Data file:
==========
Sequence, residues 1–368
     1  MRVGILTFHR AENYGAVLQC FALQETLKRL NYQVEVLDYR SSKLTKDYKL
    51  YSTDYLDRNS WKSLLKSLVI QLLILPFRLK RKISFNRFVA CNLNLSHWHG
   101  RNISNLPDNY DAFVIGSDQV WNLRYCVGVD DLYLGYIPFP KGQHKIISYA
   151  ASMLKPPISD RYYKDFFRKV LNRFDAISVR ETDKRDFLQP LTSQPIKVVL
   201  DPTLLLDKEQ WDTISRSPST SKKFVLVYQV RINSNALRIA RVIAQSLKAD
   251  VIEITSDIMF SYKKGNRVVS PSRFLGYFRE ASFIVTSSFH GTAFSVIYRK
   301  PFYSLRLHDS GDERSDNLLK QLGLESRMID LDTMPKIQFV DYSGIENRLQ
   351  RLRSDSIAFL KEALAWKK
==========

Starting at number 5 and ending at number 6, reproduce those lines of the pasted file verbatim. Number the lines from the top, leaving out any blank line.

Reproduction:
   151  ASMLKPPISD RYYKDFFRKV LNRFDAISVR ETDKRDFLQP LTSQPIKVVL
   201  DPTLLLDKEQ WDTISRSPST SKKFVLVYQV RINSNALRIA RVIAQSLKAD